By Connie W. Adams
Paul cut short his visit to Ephesus. He “entered into the synagogue, and reasoned with the Jews” and some “desired him to tarry longer time with them.” But Paul was in a hurry this time. “He consented not” but promised to come back, God willing. Paul left Priscilla and Aquila in Ephesus and continued his journey into Syria (Acts 18:18-28).
Apollos of Alexandria
Sometime later, a very able, learned and fervent preacher came to Ephesus. He was Apollos of Alexandria. When Alexander the Great founded the city of Alexandria in northern Egypt, he settled it in part with learned and wealthy Jews. It became a show place for Grecian culture. Its library was known far and wide. It was here that the Septuagint translation was made. Seventy scholars were assembled to translate the Old Testament from Hebrew into Greek. Jesus and his apostles later used this translation.
Apollos was not just an educated preacher. He was “mighty in the scriptures” (Acts 18:24). His was not a casual knowledge. It was deep It was also precise for he taught “accurately” the things of the Lord (v. 25, NKJV). Somewhere in his travels, possibly into Judea, he had learned of the work of John the Baptist and of his baptism. He had a clear understanding of the work John was to do and that means he knew well the prophecies which foretold the work of John the Baptist but also of the Messiah for whom John came to prepare the way. The trouble was, he did not know that the one whose way John came to prepare had indeed come and accomplished his work.
Apollos was no ordinary speaker. Luke says he was “an eloquent man” (Acts 18:24). He had a way with words. Not many speakers are able to capture the imagination of an audience and hold it spell-bound. Further, his style was enhanced by fervency in the spirit. He poured out his heart in his work. He was neither dry nor boring. There was nothing cold or matter-of-fact with him. What a combination we have here: a well trained man who was mighty in the Scriptures, eloquent, fervent and precise. What more could be wanted?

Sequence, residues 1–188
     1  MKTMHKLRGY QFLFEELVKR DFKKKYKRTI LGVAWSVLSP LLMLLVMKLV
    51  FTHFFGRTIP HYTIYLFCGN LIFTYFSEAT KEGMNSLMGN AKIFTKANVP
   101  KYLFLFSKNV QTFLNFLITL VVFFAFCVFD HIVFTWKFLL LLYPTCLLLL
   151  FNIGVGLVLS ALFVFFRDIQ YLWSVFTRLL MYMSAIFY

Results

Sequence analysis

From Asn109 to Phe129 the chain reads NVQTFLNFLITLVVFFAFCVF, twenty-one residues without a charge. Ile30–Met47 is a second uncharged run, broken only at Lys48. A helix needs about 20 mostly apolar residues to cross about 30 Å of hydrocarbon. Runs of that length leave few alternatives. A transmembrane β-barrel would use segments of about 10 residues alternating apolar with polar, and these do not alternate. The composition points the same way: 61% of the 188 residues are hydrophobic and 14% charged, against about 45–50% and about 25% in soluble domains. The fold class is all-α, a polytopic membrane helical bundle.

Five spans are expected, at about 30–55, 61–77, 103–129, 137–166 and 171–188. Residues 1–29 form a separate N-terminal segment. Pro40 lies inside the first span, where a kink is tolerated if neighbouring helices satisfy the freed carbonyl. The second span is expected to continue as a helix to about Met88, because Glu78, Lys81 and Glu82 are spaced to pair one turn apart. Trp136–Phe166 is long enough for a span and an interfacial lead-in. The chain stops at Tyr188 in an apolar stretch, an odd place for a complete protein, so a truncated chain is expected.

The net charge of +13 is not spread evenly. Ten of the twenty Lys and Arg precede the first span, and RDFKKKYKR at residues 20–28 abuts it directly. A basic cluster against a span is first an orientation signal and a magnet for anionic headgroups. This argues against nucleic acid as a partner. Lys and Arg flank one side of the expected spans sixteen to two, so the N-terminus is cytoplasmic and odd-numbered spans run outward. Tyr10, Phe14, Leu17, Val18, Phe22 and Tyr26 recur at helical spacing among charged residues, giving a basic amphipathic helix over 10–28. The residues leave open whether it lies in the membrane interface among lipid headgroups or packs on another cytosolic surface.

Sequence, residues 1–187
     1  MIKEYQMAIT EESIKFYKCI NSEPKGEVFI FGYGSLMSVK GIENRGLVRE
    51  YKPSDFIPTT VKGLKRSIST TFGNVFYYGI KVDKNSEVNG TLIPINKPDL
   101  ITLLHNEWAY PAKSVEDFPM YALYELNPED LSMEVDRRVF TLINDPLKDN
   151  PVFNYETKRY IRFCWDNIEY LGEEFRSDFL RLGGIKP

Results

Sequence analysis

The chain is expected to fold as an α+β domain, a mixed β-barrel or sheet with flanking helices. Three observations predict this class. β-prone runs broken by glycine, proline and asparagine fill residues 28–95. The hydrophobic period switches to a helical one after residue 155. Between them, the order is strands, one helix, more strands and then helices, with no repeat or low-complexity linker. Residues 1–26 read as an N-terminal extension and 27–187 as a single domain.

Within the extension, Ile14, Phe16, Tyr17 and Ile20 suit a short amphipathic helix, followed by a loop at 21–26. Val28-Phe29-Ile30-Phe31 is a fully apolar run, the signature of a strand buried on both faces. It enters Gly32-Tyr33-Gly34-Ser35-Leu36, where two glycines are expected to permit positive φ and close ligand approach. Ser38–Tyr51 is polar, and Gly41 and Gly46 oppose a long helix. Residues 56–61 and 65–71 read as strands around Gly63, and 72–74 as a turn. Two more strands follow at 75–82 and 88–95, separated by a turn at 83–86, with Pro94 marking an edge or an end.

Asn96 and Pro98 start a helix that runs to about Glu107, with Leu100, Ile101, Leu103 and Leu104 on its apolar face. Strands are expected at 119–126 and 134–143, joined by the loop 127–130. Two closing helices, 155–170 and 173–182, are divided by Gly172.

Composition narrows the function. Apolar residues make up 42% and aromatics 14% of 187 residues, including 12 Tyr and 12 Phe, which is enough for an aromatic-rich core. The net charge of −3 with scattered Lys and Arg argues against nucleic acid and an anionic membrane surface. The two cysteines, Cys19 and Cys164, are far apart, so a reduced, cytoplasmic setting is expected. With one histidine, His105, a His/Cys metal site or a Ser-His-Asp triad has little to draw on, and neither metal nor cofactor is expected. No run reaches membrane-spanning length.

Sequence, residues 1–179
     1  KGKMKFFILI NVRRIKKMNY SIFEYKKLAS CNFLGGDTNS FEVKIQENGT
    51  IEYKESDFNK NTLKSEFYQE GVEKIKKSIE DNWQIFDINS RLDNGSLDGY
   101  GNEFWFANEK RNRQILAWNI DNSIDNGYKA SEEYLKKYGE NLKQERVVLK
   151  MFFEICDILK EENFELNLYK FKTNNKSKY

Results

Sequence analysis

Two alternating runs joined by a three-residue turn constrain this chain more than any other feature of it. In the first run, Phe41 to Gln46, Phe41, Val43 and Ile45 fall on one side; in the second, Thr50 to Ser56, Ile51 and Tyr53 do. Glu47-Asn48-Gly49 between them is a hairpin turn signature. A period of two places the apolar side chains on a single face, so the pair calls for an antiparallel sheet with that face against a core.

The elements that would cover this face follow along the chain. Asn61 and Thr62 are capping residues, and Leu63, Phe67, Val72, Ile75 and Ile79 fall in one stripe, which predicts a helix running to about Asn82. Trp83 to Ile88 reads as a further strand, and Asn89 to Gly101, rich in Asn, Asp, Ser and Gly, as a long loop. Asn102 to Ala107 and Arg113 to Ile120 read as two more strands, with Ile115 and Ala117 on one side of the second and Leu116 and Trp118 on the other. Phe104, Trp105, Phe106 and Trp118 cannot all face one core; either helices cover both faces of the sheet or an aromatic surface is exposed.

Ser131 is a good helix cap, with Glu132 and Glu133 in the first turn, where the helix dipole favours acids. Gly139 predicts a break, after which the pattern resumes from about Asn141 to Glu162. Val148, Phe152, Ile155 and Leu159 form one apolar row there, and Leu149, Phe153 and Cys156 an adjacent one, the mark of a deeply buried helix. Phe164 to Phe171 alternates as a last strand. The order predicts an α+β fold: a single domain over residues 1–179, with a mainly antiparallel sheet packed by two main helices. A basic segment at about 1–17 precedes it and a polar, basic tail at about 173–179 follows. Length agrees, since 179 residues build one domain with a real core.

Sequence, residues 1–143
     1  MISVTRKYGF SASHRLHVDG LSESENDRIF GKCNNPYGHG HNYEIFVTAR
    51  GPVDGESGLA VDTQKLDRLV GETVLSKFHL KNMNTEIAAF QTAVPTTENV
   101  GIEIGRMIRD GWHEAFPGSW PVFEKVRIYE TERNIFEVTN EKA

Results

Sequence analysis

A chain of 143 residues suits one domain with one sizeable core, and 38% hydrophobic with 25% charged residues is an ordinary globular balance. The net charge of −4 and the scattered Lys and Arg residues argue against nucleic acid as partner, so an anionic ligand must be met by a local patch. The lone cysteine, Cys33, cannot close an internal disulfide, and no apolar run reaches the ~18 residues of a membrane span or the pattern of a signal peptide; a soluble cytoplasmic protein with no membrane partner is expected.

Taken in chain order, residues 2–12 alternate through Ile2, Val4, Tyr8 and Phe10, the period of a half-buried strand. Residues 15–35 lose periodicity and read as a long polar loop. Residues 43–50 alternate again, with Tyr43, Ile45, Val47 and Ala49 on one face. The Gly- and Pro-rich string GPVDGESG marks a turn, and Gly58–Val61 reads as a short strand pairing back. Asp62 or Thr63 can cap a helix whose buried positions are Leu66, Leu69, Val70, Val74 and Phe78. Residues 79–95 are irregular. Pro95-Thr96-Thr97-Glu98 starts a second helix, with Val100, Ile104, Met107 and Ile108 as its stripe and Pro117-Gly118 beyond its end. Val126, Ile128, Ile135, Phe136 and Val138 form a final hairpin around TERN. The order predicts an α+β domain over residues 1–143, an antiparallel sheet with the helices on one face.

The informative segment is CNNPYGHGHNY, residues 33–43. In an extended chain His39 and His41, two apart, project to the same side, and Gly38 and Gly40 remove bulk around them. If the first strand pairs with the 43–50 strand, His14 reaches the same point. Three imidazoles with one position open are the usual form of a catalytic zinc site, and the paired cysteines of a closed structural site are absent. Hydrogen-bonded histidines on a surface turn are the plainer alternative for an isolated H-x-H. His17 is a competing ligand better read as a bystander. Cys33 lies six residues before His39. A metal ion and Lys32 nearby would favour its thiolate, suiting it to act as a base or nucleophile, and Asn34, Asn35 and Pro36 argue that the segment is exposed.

Apollos Needed More Instruction
This powerful preacher knew “only the baptism of John.” But that baptism was only for Israel and was preparatory in nature. It was to cause those who submitted to it to believe on him who should come after. There is no indication that Apollos was attempting to persuade Gentiles to submit to the baptism of John. In Ephesus he was involved in boldly speaking in the Jewish synagogue (v. 26). That’s where Priscilla and Aquila heard him. No doubt they marveled at his knowledge, speaking ability and fervent manner. But they also saw that something was lacking. John’s baptism had served its purpose. The one whose way John prepared had come, had died, had been gloriously raised and was now seated at the right hand of the Father.
A Primer in Personal Evangelism